Hong Kong: Pepper Spray On Peaceful Protesters – The clashes took place on Wednesday morning at 3 AM when the police steer-cleared a tunnel filled with pro-democracy protesters.
The peaceful protests taking place in Hong Kong are becoming increasingly violent.
The clashes took place on Wednesday morning at 3 AM when the police steer-cleared a tunnel filled with pro-democracy protestors. The clashes erupted after the demonstrators took over a tunnel on the four-lane Queensway Road in the city.
The police reopened the road, pushing the protesters into a corner of Tamar Park, which sits atop the tunnel. Some protesters were wrestled to the ground by police too.
On Tuesday, the police had clashed with protestors as they tried to clear this underpass near the city government headquarters. Hundreds of police officers wearing riot shields used pepper spray to disperse the protesters.
The officers, after a failed attempt, used sledgehammers and chainsaws to tear down barricades. The police dragged away dozens of protestors, some of whom were reportedly beaten.
Reportedly, unlike on Monday, when clashes erupted between anti-protest groups and pro-democracy activists after police removed blockades, there was no immediate confrontation as a result of Tuesday’s operation.
According to the police, they had to disperse the protesters because they were disrupting public order and gathering illegally. The police admitted that around 45 protesters were arrested too.
After the tunnel was cleared, hundreds of people surprised the police by occupying another tunnel on Lung Wu Road, an important east-west artery near the offices of the Hong Kong government and legislature, in the evening.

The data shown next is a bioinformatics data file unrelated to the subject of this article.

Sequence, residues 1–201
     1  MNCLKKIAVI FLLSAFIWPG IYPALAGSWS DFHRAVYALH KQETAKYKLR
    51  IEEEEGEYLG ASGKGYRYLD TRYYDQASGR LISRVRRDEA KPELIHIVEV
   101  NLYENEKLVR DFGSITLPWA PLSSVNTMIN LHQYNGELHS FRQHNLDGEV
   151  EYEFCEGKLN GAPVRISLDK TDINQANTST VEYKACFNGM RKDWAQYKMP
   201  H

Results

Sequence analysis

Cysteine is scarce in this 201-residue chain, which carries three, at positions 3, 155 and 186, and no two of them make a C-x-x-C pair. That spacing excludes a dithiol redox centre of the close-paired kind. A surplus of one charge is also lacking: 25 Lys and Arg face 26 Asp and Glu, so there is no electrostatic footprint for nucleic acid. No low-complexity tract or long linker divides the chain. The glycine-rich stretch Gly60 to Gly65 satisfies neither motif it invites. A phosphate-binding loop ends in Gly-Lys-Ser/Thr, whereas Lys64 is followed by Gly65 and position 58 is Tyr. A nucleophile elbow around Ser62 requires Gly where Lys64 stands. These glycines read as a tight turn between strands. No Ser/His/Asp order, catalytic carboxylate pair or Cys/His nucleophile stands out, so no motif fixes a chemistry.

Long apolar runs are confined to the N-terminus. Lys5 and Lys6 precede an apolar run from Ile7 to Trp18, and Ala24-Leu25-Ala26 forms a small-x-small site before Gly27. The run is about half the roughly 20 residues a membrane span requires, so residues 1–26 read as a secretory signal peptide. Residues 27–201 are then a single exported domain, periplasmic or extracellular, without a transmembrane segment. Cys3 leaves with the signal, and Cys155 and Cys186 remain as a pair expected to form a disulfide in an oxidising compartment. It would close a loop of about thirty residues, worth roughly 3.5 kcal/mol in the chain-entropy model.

The crackdown has escalated the tension in the city while the authorities, who have been growing impatient with traffic-chocking demonstrations on streets, have heaved a sigh of relief.
Beijing issued its harshest condemnations yet of the protests on Wednesday, calling them illegal, bad for business and against Hong Kong’s best interests. A front-page editorial Wednesday in the People’s Daily, the ruling Communist Party’s mouthpiece, condemned the protests and said “they are doomed to fail.”
Demonstrators, a mix of students and a pro-democracy group called Occupy Central, have occupied parts of Hong Kong for more than two weeks. The student-led protesters are now into their third week of occupying key parts of the city to pressure the Asian financial center’s government over curbs recommended by Beijing on democratic reforms.
Protesters want China’s government to drop plans for a pro-Beijing committee to screen candidates in the territory’s first direct elections, promised for 2017. They also demand that Hong Kong’s Beijing-backed leader, Leung Chun-ying, resign. Leung has said there is “almost zero chance” that China’s government will change its rules for the 2017 election.
As many as 200,000 people had thronged the streets for peaceful sit-ins and they called it Satyagraha. But the polarization in the Hong Kong politics and use of tear gas shells by the police on 28 September to disperse unarmed protesters changed the nature of this peaceful protest.
The clashes erupted after the demonstrators took over a tunnel on the four-lane Queensway Road in the city.